Unroasted green coffee beans. Can you spot the different types of beans?

White Roast Coffee AKA Blonde Roast

White roast, more commonly known as a blonde roast, is a very lightly roasted coffee bean that are higher in caffeine content than their darker counterparts. It is, by definition, that a blonde roasted robusta bean contains the most caffeine content of all beans and roasts. Blonde roasts are also more acidic and have a more dynamic flavor profile than darker roasts.

A white or blonde roast is not to be mistaken with white coffees that are very well known around the Malaysian Peninsula. Some examples of white coffee are Kopi Putih, Ipoh White, Penang white coffee, flat white, etc. These are coffee‘s and not roasts.

Not technically not a type of coffee roast, a blond roast is the lightest roast profile that is commonly used and worthy of a mention. Later I mention another roast that, like a blond roast is not a type of coffee roast and often confused as one.

White Roast Coffee AKA Blonde Roast
A white roast, also known as a blonde roast.

Light Roast Coffee Beans

A light roasted coffee bean is a new roast profile and one of the fastest growing and trending types of coffee roasts. Like a blonde roast, which fits into the category of this roast level. A light roast is light brown in color and has a matte surface. Light roast beans maintain the unique characteristics of the beans from their location, soil, cultivation, altitude more than any other roast. The roasty taste that you experience is very similar and subtle, very much like a toasted grain.

Typical and common light roasts are cinnamon roast, which are roasted at 196C (385F) and New England Roast which is roasted at 205C (401F). This is naturally speaking the lightest roast category.

Light Roast Coffee Beans
The different roast profiles

 Medium Roast Coffee Beans

Medium roast coffees have a brown color which is, due to roasting at a higher temperature, are slightly darker, by more than a few shades, than light roasted beans. This roasting level maintains the unique flavor profile and characteristics of the coffee beans and still has a nice balance of body and acidity.

Similar to light roasts, none of the coffee oils make their way to the beans surface layer. Unlike the light roast, they have no delicate flavors.

An American roast is a medium roast which is roasted at 210C (410F). A city roast is also classed as a medium roast and is roasted at 219C (426F).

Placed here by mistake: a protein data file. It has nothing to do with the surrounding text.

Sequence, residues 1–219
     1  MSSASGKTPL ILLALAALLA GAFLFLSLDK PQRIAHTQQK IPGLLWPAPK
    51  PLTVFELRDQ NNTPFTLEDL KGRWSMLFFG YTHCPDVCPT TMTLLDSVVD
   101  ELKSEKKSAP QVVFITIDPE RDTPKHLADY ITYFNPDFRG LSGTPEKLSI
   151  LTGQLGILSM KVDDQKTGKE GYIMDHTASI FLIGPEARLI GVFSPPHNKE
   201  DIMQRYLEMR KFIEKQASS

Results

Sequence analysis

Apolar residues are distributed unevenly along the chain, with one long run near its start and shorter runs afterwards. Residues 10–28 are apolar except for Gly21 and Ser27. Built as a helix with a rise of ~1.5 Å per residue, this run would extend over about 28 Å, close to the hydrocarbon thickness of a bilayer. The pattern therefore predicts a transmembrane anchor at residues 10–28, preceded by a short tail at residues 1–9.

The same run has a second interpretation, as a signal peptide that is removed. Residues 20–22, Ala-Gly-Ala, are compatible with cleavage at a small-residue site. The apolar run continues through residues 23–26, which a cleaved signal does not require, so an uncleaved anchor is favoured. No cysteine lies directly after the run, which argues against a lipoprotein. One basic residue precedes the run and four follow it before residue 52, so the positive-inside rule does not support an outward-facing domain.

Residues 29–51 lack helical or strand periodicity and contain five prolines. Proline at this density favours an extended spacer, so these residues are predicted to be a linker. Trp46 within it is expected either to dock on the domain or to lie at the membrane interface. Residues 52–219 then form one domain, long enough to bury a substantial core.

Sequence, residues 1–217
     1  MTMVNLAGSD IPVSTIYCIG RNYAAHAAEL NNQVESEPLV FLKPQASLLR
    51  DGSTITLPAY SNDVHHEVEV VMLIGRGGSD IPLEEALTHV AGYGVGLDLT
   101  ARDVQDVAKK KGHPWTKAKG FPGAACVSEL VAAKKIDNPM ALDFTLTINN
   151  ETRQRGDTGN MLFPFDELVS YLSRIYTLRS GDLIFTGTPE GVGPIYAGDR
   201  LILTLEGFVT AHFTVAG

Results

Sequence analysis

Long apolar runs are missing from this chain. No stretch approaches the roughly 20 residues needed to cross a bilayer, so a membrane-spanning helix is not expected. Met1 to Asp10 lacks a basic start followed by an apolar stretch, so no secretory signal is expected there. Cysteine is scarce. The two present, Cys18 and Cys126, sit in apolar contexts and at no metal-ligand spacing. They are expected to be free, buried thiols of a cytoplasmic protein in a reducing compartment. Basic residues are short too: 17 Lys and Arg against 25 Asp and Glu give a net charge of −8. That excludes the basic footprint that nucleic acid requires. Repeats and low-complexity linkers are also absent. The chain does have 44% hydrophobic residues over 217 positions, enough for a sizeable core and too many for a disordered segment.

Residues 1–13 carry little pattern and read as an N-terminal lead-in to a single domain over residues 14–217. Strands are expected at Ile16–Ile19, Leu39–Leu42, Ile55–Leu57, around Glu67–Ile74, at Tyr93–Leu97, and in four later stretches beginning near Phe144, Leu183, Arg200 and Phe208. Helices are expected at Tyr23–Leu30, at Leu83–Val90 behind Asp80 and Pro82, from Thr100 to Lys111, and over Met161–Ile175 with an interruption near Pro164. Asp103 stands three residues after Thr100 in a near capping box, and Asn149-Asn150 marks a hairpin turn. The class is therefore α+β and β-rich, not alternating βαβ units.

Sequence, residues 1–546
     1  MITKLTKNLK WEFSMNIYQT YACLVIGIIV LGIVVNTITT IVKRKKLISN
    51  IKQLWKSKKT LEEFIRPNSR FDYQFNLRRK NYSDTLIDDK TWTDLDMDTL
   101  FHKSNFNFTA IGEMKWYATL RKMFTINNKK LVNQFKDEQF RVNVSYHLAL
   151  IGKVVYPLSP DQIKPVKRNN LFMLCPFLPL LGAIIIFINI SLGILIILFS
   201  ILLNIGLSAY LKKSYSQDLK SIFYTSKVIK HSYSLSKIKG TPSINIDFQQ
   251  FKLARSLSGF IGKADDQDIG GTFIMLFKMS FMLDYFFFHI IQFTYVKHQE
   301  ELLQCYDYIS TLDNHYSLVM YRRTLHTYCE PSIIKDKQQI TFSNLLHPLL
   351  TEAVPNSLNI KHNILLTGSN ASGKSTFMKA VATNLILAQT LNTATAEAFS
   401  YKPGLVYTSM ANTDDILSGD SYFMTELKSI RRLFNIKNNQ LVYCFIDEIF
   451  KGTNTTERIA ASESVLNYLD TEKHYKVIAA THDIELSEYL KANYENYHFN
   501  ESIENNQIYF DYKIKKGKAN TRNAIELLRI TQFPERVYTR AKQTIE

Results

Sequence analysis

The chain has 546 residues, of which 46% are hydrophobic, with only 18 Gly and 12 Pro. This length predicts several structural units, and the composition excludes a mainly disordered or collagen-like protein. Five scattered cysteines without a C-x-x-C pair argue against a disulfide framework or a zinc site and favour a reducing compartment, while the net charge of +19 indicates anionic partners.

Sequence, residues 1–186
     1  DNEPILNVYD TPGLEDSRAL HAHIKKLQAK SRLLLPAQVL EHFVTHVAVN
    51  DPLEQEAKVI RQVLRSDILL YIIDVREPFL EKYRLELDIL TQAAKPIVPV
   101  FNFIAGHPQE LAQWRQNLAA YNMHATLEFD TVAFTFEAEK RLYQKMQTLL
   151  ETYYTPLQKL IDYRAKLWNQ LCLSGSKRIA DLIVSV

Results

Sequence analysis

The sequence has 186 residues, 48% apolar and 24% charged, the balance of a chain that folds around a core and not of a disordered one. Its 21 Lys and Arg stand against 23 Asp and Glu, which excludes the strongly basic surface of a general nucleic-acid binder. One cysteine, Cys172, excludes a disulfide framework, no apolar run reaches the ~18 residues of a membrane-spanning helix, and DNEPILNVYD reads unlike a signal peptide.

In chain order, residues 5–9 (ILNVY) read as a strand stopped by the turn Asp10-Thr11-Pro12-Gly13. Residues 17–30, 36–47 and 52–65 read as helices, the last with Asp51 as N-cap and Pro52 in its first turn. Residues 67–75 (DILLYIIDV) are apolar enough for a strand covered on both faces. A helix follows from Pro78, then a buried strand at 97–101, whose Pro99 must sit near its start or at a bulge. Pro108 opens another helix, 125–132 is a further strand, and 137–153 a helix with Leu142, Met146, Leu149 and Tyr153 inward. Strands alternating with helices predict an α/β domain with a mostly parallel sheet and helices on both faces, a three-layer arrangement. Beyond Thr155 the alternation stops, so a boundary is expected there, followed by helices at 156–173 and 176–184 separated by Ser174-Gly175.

A medium roast that can be left to roast for a little longer, become a little darker in color, are considered as a medium dark roast.

Medium roast coffee beans
Medium roast coffee beans

Medium-Dark Roast Coffee Beans

A medium-dark roast coffee bean has more of the bold body rich flavors with a hint of a bittersweet aftertaste. The more subtle roasted almonds and dark chocolate flavors are associated with this roast profile.

Medium-dark roasts work great in a French press (as does any roast!) with a coarse grind. Commonly, you see people using other brewing methods, like the aeropress, moka pot, and drip brewers with this type of roast. For pour over coffee, a medium-coarse grind works best.

A medium dark roast coffee blend is often a mix of two beans, arabica and robusta with robusta there to enhance the caffeine content and has a touch of a bitter flavor.

Due to being roasted for slightly longer, it is darker than a medium roast, has a reduced acidity and deeper aroma. The oily surface is an indication of the coffee oils starting to come out.

Coffee roasting temperatures of 225C (437F) and 230C (446F) are used for Full City Roast and Vienna Roast, two common roasts that are categorised as a medium-dark roast. A medium dark roast is one of the most common and popular coffee bean roasts.

medium dark roast coffee beans
Medium dark roast coffee beans

Dark Roast Beans

Dark roast coffee beans are a type of coffee bean that you are perhaps familiar with. They are roasted to a very dark brown, an almost mahogany color and almost black in some roasts. The oil on these roasted beans has the oil drawn out and glossing the surface.